American Journal of Medicine, internal medicine, medicine, health, healthy lifestyles, cancer, heart disease, drugs

Telemedicine Specialty Support Promotes Hepatitis C Treatment by Primary Care Providers in the Department of Veterans Affairs

female doctor talking with patient on laptop

The Department of Veterans Affairs is the largest US provider of hepatitis C treatment. Although antiviral regimens are becoming simpler, hepatitis C antivirals are not typically prescribed by primary care providers. The Veterans Affairs Extension for Community Health Outcomes (VA-ECHO) program was launched to promote primary care–based hepatitis C treatment using videoconferencing-based specialist support. We aimed to assess whether primary care provider participation in VA-ECHO was associated with hepatitis C treatment and sustained virologic response.

Methods

We identified 4173 primary care providers (n = 152 sites) responsible for 38,753 patients with chronic hepatitis C infection. A total of 6431 patients had a primary care provider participating in VA-ECHO; 32,322 patients had an unexposed primary care provider. Exposure was modeled as a patient-level time-varying covariate. Patients became exposed after primary care provider participation in ≥1 VA-ECHO session. Multivariable Cox proportional hazards frailty modeling assessed the association between VA-ECHO exposure and hepatitis C treatment. Among treated patients, modified Poisson regression assessed the relationship between exposure and sustained virologic response.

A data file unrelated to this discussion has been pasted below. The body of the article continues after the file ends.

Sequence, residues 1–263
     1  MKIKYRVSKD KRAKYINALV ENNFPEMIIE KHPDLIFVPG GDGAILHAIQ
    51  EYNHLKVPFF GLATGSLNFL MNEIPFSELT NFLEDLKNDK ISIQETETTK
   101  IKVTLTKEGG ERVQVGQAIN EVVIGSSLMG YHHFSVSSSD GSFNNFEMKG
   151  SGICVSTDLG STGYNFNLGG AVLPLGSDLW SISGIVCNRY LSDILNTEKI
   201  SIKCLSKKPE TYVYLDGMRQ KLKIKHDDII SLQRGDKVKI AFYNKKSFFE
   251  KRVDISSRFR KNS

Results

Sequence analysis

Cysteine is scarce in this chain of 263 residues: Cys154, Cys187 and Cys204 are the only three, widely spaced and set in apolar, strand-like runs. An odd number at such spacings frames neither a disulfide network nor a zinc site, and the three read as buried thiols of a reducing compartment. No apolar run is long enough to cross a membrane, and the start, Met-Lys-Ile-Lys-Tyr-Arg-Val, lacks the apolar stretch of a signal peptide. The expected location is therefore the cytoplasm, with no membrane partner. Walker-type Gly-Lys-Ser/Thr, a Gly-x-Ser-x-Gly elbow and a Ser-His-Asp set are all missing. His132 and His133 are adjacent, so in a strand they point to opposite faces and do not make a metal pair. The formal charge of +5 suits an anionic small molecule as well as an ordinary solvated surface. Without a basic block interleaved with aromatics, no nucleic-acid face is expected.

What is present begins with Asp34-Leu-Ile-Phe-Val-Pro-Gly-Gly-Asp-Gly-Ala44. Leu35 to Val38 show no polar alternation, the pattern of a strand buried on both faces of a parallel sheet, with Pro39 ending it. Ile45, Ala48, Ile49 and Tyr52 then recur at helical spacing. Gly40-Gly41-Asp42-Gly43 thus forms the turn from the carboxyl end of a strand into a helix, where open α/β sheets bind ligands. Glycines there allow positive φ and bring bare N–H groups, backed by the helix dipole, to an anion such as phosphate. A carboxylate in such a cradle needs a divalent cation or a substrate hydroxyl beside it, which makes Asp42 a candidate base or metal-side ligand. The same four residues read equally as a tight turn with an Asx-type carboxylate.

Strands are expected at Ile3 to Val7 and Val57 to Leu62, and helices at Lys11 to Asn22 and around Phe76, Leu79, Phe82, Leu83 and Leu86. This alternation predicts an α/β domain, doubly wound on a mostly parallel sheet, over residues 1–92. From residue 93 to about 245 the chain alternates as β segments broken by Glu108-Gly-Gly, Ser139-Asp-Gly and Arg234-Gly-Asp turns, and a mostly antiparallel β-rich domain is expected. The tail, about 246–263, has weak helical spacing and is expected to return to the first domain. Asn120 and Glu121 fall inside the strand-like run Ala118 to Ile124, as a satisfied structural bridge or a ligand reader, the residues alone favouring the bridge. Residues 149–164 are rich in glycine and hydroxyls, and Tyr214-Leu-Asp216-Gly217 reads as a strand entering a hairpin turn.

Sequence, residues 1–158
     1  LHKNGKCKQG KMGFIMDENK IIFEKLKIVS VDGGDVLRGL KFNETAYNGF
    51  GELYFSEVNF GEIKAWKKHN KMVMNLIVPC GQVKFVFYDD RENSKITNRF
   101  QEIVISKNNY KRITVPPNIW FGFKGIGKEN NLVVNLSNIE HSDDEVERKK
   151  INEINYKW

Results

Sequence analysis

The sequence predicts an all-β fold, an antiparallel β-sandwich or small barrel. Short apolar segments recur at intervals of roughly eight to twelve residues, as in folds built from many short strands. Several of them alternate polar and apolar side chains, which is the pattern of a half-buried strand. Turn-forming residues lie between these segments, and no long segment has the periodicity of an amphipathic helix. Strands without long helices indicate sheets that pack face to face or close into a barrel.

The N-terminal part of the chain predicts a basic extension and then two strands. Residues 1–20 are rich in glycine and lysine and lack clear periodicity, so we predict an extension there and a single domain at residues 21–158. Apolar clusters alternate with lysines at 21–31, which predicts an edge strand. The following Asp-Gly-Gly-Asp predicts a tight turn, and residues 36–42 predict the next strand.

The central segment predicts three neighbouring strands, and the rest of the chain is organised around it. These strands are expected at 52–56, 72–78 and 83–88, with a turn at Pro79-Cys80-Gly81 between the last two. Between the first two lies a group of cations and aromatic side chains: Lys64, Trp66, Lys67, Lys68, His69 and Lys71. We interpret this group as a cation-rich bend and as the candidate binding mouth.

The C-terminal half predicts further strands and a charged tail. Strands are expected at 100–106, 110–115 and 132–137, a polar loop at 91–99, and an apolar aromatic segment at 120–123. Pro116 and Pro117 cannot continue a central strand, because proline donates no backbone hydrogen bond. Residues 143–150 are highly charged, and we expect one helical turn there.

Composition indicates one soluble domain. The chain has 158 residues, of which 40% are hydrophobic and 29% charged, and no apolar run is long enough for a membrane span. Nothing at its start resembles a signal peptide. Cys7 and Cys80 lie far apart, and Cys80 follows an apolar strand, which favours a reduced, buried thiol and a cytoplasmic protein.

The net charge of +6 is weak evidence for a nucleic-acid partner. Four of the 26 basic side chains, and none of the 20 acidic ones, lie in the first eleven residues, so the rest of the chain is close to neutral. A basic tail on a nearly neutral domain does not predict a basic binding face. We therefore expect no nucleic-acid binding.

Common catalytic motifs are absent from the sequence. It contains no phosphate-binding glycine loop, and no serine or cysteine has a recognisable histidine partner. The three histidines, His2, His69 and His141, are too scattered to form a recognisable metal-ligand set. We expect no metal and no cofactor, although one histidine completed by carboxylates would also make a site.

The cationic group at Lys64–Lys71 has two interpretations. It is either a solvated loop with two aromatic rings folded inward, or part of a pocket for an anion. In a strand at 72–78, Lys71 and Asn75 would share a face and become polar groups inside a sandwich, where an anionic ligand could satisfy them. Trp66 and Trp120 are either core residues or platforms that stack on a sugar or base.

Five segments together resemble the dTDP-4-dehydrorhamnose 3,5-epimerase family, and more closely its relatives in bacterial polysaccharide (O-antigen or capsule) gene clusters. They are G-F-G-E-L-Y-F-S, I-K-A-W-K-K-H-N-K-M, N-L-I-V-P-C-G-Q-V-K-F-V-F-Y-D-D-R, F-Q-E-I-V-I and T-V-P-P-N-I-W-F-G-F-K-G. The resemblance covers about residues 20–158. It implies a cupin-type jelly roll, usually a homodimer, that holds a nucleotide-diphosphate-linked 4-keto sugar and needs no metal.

Results

After adjustment, exposed patients received significantly higher rates of antiviral treatment compared with unexposed patients (adjusted hazard ratio, 1.20; 95% confidence interval, 1.10-1.32; P <.01). The rate of primary care provider–initiated antiviral medication was 21.4% among treated patients reviewed on VA-ECHO teleconferences compared with 2.5% among unexposed patients (P <.01). No difference in adjusted rates of sustained virologic response was observed for patients with exposed primary care providers (P = .32), with similar crude rates for primary care providers versus specialists.

Conclusions

National implementation of VA-ECHO was positively associated with hepatitis C treatment initiation by primary care providers, without differences in sustained virologic response.

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-Lauren A. Beste, MD, MSc, Thomas J. Glorioso, MS, P. Michael Ho, MD, David H. Au, MD, MS, Susan R. Kirsh, MD, MPH, Jeffrey Todd-Stenberg, BA, Michael F. Chang, MD, MPH, Jason A. Dominitz, MD, MHS, Anna E. Barón, PhD, David Ross, MD, PhD

This article originally appeared in the April 2017 issue of The American Journal of Medicine.

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